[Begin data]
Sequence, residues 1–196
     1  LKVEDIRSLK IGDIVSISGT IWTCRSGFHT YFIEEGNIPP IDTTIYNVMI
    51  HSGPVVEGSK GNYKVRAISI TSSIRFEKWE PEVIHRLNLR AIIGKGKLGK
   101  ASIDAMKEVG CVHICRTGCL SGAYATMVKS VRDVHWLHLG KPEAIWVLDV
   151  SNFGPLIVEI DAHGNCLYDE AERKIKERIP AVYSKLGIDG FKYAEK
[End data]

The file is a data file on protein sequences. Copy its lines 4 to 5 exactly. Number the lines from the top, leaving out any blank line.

   101  ASIDAMKEVG CVHICRTGCL SGAYATMVKS VRDVHWLHLG KPEAIWVLDV
   151  SNFGPLIVEI DAHGNCLYDE AERKIKERIP AVYSKLGIDG FKYAEK